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pademelon1

Does the footage show a thylacine … or something else?


Thylacine Awareness Group of Australia YouTube

Is the Tasmanian tiger, or thylacine, lurking in the wilds of Australia? The scientific consensus is that the carnivorous marsupial is long extinct, with the last known thylacine dying in captivity in 1936. Last week, one man believed he had evidence to challenge the consensus… and then the internet hype machine took over. 

Neil Waters, president of the Thylacine Awareness Group of Australia, posted a video to YouTube claiming he had discovered a “family” of thylacines on camera traps set up in the Tasmanian wilderness. He explained that he’d sent the footage to the Tasmanian Museum and Art Gallery for analysis by thylacine expert Nick Mooney. For 24 hours, the wildlife community was buzzing.

But on Feb. 23, TMAG and Mooney released a statement explaining the creature snapped in the footage was most likely a Tasmanian pademelon, a short, stout marsupial similar to a wallaby. 

“Nick Mooney has concluded, that based on the physical characteristics shown in the photos provided by Mr Waters, the animals are very unlikely to be thylacines, and are most likely Tasmanian pademelons,” TMAG told CNET at the time.

Now the footage has been released. Waters uploaded the latest video, titled “THYLACINE JOEY PHOTO” on Sunday, in which he reveals the three images that he believes are likely the extinct marsupials and not a cat or pademelon.

Waters claimed last week the footage showed “not ambiguous” evidence of the thylacine, but the video (which you can view below), is far from conclusive. In the video, Waters says there are several features that point to this being a Tasmanian tiger and not a pademelon, as Mooney suggests. Waters believes the images show stripes, a straight tail and shiny, leathery hocks — all features of the thylacine.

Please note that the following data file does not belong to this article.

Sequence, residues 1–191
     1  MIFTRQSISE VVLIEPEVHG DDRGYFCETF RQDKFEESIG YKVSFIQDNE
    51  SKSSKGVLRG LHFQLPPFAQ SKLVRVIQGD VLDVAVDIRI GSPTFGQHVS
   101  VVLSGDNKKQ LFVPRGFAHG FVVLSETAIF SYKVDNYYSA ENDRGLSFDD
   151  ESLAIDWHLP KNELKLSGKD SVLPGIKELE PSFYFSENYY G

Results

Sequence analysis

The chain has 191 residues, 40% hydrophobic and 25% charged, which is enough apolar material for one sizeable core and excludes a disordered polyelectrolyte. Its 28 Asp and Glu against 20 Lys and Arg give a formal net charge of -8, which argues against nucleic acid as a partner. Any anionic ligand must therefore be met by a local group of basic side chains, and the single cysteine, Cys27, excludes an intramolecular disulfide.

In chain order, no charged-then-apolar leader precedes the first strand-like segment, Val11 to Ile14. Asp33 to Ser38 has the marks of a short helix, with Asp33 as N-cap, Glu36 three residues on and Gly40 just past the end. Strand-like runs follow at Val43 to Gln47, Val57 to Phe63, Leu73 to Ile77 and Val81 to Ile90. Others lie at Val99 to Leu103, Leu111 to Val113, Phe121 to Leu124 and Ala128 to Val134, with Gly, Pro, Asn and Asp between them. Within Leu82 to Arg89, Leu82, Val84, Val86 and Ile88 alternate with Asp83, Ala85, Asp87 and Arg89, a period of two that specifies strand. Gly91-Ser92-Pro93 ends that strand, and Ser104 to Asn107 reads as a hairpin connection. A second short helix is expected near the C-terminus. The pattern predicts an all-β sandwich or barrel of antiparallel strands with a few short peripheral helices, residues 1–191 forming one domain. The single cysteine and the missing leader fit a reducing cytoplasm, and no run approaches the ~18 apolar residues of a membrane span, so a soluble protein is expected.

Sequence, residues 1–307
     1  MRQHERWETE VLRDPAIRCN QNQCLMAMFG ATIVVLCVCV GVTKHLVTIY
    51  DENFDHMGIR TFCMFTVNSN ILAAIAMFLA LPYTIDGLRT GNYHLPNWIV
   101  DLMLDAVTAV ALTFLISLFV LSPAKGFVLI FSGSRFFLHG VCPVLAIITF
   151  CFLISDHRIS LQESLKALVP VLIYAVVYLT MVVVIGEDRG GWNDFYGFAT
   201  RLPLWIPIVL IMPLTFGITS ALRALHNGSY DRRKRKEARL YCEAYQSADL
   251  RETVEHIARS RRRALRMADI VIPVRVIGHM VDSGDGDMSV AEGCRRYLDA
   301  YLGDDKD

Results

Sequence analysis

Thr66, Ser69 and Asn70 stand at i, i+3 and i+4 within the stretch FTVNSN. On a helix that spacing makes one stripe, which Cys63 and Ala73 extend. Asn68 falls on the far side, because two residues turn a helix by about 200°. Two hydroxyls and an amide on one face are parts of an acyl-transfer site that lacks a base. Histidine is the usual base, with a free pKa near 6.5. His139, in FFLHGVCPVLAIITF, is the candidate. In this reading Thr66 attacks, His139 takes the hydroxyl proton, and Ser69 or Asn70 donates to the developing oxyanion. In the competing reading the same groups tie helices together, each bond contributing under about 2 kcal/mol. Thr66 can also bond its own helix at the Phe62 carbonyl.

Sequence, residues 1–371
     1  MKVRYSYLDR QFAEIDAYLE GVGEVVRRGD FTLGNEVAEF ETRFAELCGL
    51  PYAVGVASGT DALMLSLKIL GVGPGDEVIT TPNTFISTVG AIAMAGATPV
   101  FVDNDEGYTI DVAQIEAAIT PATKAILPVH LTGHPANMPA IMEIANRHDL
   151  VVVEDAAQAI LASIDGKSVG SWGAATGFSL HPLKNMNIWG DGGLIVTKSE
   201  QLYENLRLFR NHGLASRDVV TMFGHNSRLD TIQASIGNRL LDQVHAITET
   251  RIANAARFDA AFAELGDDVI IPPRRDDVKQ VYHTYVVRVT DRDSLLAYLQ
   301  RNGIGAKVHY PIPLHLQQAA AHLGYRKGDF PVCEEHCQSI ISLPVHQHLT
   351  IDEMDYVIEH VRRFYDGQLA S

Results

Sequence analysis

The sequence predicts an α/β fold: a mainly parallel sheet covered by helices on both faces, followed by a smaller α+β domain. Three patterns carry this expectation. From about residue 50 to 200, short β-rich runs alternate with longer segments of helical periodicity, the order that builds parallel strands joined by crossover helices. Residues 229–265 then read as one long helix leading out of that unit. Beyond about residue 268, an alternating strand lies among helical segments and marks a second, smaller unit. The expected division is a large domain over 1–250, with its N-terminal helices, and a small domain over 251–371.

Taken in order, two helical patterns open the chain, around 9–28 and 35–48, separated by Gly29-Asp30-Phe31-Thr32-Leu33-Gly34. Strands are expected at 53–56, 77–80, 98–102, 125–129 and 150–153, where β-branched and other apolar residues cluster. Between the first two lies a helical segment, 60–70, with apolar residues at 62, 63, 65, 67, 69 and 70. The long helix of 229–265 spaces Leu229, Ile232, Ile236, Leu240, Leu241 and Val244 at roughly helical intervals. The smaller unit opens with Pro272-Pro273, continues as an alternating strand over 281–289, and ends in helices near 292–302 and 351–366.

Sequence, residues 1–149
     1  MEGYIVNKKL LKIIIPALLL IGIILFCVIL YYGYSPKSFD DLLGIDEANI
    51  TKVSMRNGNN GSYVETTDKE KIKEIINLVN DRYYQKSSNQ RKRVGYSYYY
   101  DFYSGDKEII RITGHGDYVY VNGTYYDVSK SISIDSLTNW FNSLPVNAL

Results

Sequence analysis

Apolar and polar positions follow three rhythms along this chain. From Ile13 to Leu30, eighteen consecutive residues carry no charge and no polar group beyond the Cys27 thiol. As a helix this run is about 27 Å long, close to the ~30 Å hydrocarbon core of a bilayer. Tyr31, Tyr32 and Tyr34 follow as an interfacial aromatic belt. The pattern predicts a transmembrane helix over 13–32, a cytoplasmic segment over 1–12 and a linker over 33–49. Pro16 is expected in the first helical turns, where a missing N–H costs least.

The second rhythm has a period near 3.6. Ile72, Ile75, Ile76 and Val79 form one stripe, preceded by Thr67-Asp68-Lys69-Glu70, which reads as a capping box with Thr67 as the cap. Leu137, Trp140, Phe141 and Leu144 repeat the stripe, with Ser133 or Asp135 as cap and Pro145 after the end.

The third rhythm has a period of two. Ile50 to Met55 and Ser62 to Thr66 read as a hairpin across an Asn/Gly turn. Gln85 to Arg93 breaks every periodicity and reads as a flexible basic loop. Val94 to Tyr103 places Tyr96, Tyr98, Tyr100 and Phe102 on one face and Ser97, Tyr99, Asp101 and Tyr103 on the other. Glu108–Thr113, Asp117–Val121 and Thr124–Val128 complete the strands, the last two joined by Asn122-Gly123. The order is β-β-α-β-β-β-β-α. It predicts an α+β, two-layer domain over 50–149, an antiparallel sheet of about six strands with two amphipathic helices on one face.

And Waters isn’t budging. He signs off the video with, “Enjoy looking at a baby thylacine walking through the bush of northern Tasmania.”

The footage has not convinced Mooney or the dozens of commentators on Waters’ YouTube video. Mooney sent CNET a six-page assessment of the four photos presented in Waters’ video on Monday. Of the three color photos provided to Mooney, he spends the most time analyzing the photo at the top of this image. Much is made of the apparent banding — or stripes — on this creature, but Mooney believes these are “a combination of narrow shadows(from sticks and cutting grass) and natural parts in the fur.”

Why does he believe these are Tasmanian pademelons? “It boils down to animal colour, lack of bands, body shape and some foot detail,” he says.

“My assessment strongly implies advantages of video over stills in such trail cameras which are an excellent tool for ethical searches and survey,” Mooney writes. “If these were videos not stills there would have been no question.”

Other experts don’t think the images were really worth the wait.

“Given that the thylacine has not been seen for 85 years, the likelihood it is something else is by far the most logical conclusion,” says Andrew Pask, a marsupial evolutionary biologist at the University of Melbourne. “It could easily be a cat, dog or wallaby based on the images.”

Pask, whose work on thylacine genetics sees him flooded with identification requests each year, says this is “one of the least convincing” images he’s seen. Even if the evidence was more solid, photos and videos cannot, alone, prove the existence of the thylacine.

“Nobody can adequately look at a video and say that’s definitely a thylacine, without some DNA evidence,” Pask told CNET last week. “We’ve got to have a hair sample, a scat sample, something that can back it up.”

Update: Added Mooney’s assessment. 

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